[discuss] [bestbits] Representative Multistakeholder model validity

michael gurstein gurstein at gmail.com
Sat Jan 18 22:26:35 UTC 2014



-----Original Message-----
From: discuss-bounces at 1net.org [mailto:discuss-bounces at 1net.org] On Behalf
Of Jeanette Hofmann
Sent: Saturday, January 18, 2014 1:51 PM
To: discuss at 1net.org
Subject: Re: [discuss] [bestbits] Representative Multistakeholder model


The concept of representation is usually linked to national democracies and
thus to a quantifiable number of voters. Even in this context,
representation is a contested issue since it is by no means clear how to
fairly represent the voters' opinions which might depend on context, change
of time etc. To date, there are so many different voting systems and not one
of them can claim to have found the ultimate solution to this vexed problem.
Each voting system privileges and disadvantages certain groups.

What is more, fair representation is just one issue. Another issue is to
create more or less stable majorities, select competent people etc.


[MG>] agreed


If the concept of representation has many issues on the national level, how
can we expect to create representative structures on the transnational
level? Under the circumstances of a global constituency representativeness
will remain a fiction!


[MG>] agreed although some measures in this direction certainly need to be


The open question to me is about functional equivalents to representation.
Representation is supposed to lend legitimacy to political processes. What
other mechanisms can create sufficient trust in the process so that people
who are not chosen for one of the committees still accept their existence,
processes and outcomes?


[MG>] you personalize this... These issues are not about individuals or
personalities but rather about deeper dare I say, "political" differences
and clashes of interests that need to be reconciled in order to move
forward.. Attempts to by-pass or cover these over or eliminate them through
various postures of avoidance simply allow them to fester and grow even more
powerful and destructive...


Transparency is an obvious source of legitimacy, so might be the reputation
of candidates (i.e. those known for being open-minded, constructive,
competent and able to take other opinions than their own on board. I am sure
we can come up with ways to integrate views and perspectives into the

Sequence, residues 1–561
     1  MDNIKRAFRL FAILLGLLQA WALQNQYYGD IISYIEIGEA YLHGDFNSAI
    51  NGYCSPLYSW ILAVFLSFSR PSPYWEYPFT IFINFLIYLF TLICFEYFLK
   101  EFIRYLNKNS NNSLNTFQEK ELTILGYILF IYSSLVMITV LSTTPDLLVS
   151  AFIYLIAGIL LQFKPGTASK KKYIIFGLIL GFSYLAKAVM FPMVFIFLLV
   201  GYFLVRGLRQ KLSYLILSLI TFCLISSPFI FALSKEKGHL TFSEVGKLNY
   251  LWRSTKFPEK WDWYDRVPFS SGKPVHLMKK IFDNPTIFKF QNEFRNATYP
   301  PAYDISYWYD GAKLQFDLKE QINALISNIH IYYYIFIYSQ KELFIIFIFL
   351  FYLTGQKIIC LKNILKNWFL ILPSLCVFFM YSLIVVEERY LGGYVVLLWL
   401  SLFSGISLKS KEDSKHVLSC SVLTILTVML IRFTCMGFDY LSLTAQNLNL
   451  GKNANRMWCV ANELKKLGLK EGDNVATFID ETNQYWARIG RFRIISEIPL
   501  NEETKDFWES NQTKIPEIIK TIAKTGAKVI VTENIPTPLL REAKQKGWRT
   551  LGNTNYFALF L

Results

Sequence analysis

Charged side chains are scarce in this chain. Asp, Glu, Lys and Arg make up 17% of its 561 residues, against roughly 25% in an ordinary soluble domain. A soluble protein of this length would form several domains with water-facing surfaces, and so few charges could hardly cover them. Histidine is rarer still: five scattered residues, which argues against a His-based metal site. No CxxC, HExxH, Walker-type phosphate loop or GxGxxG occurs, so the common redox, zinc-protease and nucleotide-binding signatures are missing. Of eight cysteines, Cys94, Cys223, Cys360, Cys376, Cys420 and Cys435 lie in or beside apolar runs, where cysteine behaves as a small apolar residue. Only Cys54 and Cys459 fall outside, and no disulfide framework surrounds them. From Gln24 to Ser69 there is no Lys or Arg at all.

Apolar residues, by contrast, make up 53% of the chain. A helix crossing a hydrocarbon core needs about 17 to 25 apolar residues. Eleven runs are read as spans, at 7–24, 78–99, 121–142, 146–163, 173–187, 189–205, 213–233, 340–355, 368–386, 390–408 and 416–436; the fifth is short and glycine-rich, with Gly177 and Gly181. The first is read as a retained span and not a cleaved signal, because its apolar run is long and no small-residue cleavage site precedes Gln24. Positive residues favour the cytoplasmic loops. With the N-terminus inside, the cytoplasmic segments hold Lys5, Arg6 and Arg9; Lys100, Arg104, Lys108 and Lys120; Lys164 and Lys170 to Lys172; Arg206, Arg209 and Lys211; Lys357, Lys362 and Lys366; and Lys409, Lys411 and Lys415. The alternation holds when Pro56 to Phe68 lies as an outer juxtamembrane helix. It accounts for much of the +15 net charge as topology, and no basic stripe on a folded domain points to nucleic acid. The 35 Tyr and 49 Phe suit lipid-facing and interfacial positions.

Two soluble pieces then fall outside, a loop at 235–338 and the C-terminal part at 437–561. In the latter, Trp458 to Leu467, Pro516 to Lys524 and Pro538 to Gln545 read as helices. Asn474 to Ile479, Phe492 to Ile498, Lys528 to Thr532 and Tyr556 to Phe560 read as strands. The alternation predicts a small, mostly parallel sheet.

process that ensure are broader range than those held by committee members.


[MG>] again you reduce this to "personalities" -- is there a specific reason
for doing so? Perhaps because it is easier to delegitimize/demonize an
individual than to respond to a clearly articulated political/interest


And why do you not include the obvious characteristics of fairness/natural
justice; evident lack of systematic bias; obvious attempts at broad based
inclusion (and not simply formalized identity based inclusion); and so on.
These would seem to be obvious and self-evident pre-conditions for a
legitimate process whatever methods of "representation" (or not) are
ultimately agreed upon.


In short, I think we should drop representativeness as a criteria of
legitimacy and focus on other means of creating legitimate processes.


[MG>] yes, as per the above.







Am 18.01.14 22:01, schrieb Norbert Bollow:

> John Curran < <mailto:jcurran at istaff.org> jcurran at istaff.org> wrote:


>> I understand how an _open_ multistakeholder approach allows for 

>> everyone (who wishes) to present their views on a given topic, have 

>> those views considered based on their merits, and allow all to ponder 

>> and revise their understanding based on the information exchanged.


>> I fail to understand how an _representative_ multistakeholder 

>> approach fairly provides for the "represented" to have their 

>> positions considered in a manner that allows for all participating to 

>> revise their views based on the discussion that occurs, and if this 

>> does not occur than one may argue that there isn't actual 

>> deliberative consideration going but simply a dance of posturing and 

>> negotiation.


> In my view, representative multistakeholder approaches are not about 

> creating a broad discourse, but about populating, in a reasonably fair 

> and balanced manner, committees and the like which for practical 

> reasons have only a quite limited number of seats.


> I posit that a reasonable way to implement a process for selecting 

> representatives is for each stakeholder category to organize a 

> randomly selected NomCom process, with each NomCom being tasked to 

> seek to choose a set of representatives who jointly represent the 

> breadth of perspectives of that stakeholder category as well as is 

> possible under the circumstances.


> Individuals who are close to one of the unavoidably fuzzy boundaries 

> between stakeholder categories would get to choose which one of the 

> stakeholder category that are on offer in that particular context fits 

> them best.


> I don't claim that this kind of approach would yield perfect 

> representation, but at least the imperfections would be random rather 

> than systematic, and any bias in the pool of people who tend to 

> volunteer for serving on NomComs can be addressed by the very 

> democratic process that anyone who is concerned about such bias is 

> free to seek to convince other qualified people (who don't have that 

> bias) to volunteer for future NomCom pools.


> Greetings,

> Norbert


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